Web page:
Film cameras and Gen Z’s search for authenticity
Sarah Decory explores the latest trends surrounding film cameras and what differentiates them from their digital counterparts.
My mum was quite surprised when I came home one day with a disposal camera I had just bought from my local corner shop. To her generation, film cameras seem quite outdated as the popularisation of digital photography made them irrelevant.
Nowadays, digital cameras have improved extensively, and professional-level photography is widely accessible. Why is it, then, that people continue to yearn for film?
Going beyond the social media trend, photographers (amateurish and experienced alike) enjoy film’s uniqueness and special quality. The intent behind digital and film photos is quite different. Digital provides more freedom, as there are many settings to choose from and one can experiment endlessly before taking the perfect shot. Film pictures, however, have a special grain and feel to them. The saturation and colours are different from digital, which lots of photographers are fond of. Even in Hollywood, several huge budget productions use film cameras. A relatively recent example is the 2017 film Dunkirk, directed by Christopher Nolan and famously starring Harry Styles.
Film pictures have a special grain and feel to them
Furthermore, when I use a digital camera, I always end up with around ten identical shots and can easily take five hundred in about two days. In addition to never having any storage space, a downside is that these pictures often end up forgotten in a random folder on my computer. With film cameras, however, you can’t see your photos instantly and they are limited in number. As a result, I tend to be more conscious of what I shoot. The pictures, therefore, are more precious as there are fewer of them and they have been carefully thought through. On top of that, the fact that you can only see the results a few days or weeks later makes for a nice surprise, that enables you to relive the moments you photographed. Even though you could also go through your digital camera roll, there is something truly special about discovering your pictures for the first time weeks later, and anxiously waiting to see how they turned out. I remember getting my pictures back after a trip and being slightly disappointed when one of them had my finger right in the middle of it, but it resulted in a good laugh.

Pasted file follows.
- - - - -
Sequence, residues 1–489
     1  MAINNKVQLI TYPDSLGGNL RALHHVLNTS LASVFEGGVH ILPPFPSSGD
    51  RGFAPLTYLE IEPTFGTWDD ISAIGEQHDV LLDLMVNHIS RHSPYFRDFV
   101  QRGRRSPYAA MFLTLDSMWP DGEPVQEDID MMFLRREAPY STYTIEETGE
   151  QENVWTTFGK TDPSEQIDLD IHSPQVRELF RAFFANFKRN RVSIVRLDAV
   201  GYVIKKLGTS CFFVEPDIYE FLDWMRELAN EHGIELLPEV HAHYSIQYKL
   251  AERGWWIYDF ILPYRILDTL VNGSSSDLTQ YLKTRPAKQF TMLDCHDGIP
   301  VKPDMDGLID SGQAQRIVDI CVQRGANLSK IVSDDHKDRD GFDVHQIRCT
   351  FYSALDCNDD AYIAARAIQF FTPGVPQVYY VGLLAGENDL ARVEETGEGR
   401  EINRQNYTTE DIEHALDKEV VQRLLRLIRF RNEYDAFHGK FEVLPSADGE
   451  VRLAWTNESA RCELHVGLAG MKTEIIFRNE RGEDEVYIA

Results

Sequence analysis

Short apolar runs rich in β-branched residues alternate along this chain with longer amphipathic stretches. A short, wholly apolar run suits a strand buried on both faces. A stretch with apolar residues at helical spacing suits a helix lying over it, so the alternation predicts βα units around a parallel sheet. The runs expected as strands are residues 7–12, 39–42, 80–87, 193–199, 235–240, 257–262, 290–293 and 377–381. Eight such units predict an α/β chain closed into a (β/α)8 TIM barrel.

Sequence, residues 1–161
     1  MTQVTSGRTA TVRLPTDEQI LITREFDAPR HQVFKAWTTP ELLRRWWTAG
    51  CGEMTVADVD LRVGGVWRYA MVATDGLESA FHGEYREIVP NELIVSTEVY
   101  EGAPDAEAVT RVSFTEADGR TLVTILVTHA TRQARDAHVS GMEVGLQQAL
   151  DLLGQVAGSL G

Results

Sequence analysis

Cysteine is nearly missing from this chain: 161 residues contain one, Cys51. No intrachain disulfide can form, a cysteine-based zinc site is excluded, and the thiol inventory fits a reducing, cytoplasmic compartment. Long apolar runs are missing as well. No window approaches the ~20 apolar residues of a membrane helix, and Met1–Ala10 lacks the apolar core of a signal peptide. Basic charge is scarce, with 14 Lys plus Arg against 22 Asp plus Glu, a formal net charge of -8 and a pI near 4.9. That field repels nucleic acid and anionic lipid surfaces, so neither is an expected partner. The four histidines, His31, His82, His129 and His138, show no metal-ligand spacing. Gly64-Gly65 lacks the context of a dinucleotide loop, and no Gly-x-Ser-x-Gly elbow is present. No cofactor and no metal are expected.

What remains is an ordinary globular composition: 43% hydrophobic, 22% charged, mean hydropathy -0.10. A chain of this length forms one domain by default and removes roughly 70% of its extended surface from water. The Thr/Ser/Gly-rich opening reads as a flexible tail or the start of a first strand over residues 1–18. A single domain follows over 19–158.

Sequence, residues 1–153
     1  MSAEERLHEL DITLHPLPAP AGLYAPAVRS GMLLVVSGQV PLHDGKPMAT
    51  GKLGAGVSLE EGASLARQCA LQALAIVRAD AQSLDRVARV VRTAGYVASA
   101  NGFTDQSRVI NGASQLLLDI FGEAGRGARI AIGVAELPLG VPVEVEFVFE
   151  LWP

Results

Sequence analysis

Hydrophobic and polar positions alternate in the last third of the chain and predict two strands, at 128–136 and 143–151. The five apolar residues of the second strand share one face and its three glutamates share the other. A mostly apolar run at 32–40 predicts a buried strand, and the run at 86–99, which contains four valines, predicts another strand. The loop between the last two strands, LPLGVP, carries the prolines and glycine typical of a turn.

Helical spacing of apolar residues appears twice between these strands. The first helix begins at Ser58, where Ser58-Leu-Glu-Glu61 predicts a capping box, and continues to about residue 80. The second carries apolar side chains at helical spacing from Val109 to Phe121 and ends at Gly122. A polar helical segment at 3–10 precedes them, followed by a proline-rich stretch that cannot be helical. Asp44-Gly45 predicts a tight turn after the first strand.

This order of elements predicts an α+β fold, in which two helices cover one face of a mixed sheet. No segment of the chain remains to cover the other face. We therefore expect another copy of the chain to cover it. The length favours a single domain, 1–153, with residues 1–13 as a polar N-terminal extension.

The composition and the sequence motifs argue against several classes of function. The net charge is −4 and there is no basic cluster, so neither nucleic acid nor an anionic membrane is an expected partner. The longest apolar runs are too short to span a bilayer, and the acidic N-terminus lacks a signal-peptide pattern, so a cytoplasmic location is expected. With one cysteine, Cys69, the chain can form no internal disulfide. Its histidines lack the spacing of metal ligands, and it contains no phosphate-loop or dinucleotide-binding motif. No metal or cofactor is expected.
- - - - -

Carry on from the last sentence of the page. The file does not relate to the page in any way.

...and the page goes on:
Another aspect that contributed to the popularisation of film is that people love to see and experience old-fashioned things. Whether it’s going through your grandma’s attic and finding her toys or even going vintage shopping, young people have always been fascinated by old trends. Just like high-waisted jeans and vinyls, film cameras have become trendy again.
Whether it’s going through your grandma’s attic and finding her toys or even going vintage shopping, young people have always been fascinated by old trends
Social media pushes people to produce original content and find ideas that will make them stand out and get likes. Adding a pinch of retro to their feeds, then, seems like the perfect way to stand out. Recently, however, it seems impossible to scroll through your Instagram feed without seeing at least one picture shot on film or mimicking the film aesthetic. Some apps, like Huji Cam, even enable you to take film-like pictures on your phone.
In a plea to seem more relatable, a growing number of influencers and A-list celebrities have started film-dedicated Instagram accounts, where they share candid moments with their friends and families. Notable ones include David Dobrik’s @davidsdisposable or even Joe Jonas’ @cupofjoe. These accounts are successful because they make you feel part of these people’s lives. Their feeds seem more like one of a close friend’s rather than that of an unattainable celebrity.
It might seem slightly ironic that, in spite of Facetune and Photoshop, film photos exhibiting raw and unedited moments are trendier than ever. One must not forget, however, that film-like pictures might not always be as authentic as they seem. Anything on social media can be seamlessly edited and film pictures are, unfortunately, no exception.